Primary school children from The Wilfred Owen School recently visited The Uplands care home as part of a campaign to encourage greater interaction between young and old.
Led by care technology specialist the Access Group the 'Teaching Forgotten Skills' campaign invited children from year two to take part in a day full of activities, playing games and learning skills from yesteryear with residents at the care home.
This was a bid for the young to interact with the old, sharing skills and to highlight what may have been forgotten with time and the introduction of technology. The activities included knitting, map-reading and playing old-fashioned games.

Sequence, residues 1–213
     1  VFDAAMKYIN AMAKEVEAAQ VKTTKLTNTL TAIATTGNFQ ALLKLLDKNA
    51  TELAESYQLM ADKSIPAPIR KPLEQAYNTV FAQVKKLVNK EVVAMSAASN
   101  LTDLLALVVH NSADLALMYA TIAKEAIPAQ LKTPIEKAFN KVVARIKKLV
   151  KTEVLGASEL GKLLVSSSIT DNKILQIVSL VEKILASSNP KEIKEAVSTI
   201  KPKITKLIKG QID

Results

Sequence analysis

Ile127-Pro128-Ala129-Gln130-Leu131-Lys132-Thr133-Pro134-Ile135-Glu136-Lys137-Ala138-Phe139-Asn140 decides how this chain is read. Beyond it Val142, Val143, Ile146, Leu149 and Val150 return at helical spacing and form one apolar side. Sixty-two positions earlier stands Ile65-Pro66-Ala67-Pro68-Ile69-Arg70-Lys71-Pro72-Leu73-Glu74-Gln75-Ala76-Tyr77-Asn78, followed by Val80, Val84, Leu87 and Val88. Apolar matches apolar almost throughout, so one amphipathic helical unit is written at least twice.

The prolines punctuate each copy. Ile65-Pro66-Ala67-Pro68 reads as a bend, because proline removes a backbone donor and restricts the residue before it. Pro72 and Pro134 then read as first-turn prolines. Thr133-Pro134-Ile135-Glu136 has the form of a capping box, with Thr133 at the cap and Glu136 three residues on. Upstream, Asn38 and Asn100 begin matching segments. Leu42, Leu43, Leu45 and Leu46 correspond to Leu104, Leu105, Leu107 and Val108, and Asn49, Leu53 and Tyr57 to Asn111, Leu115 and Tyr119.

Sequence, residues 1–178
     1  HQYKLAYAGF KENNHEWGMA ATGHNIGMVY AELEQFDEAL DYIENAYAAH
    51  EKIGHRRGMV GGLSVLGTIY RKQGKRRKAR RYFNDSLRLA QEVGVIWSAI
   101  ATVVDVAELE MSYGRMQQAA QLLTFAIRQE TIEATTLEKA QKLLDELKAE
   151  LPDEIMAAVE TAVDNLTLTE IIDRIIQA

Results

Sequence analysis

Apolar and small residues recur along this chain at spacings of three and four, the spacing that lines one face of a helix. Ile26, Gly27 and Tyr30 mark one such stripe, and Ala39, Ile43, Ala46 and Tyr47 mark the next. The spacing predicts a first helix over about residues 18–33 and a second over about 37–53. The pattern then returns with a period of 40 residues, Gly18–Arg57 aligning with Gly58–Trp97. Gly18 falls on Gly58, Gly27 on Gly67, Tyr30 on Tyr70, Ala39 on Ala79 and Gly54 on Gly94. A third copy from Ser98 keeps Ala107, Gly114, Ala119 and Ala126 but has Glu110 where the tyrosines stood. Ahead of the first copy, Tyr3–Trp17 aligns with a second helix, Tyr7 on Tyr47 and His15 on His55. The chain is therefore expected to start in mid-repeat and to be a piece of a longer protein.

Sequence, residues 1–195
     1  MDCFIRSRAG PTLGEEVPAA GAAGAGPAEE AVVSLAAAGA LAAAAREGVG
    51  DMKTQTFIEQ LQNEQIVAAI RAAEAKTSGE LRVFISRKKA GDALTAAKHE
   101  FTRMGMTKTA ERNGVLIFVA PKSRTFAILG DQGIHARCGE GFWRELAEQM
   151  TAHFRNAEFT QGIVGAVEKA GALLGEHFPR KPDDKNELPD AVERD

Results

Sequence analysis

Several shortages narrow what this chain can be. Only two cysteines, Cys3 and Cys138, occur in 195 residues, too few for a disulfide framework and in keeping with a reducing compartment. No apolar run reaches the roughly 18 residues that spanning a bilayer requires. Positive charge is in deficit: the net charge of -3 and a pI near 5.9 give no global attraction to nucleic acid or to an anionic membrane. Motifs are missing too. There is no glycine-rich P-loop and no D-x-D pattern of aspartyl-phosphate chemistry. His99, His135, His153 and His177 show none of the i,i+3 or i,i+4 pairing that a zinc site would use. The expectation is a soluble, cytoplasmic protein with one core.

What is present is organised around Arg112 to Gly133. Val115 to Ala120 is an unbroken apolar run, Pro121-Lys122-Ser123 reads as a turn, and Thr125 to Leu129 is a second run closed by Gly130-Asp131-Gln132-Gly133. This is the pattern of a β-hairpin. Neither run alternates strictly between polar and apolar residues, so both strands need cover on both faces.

Evidence suggests that intergenerational care has numerous health benefits, with studies finding that programmes with children bring huge improvements to the mental and physical wellbeing of older people.
Carey Bloomer, managing director at The Uplands care home said: “It is incredible to see the impact that spending a few hours with young people can have on our residents. Working closely with people living with dementia, it is clear how big the impact of spending time with people can have on the health and happiness of older people.”
Dawn Marshall, Forest School lead, at The Wilfred Owen School, added: “Interaction with elderly people is invaluable to develop communication skills and increase confidence for our pupils. Elderly people have so much to teach younger people and tapping into their experiences is hugely important to pass skills between generations.”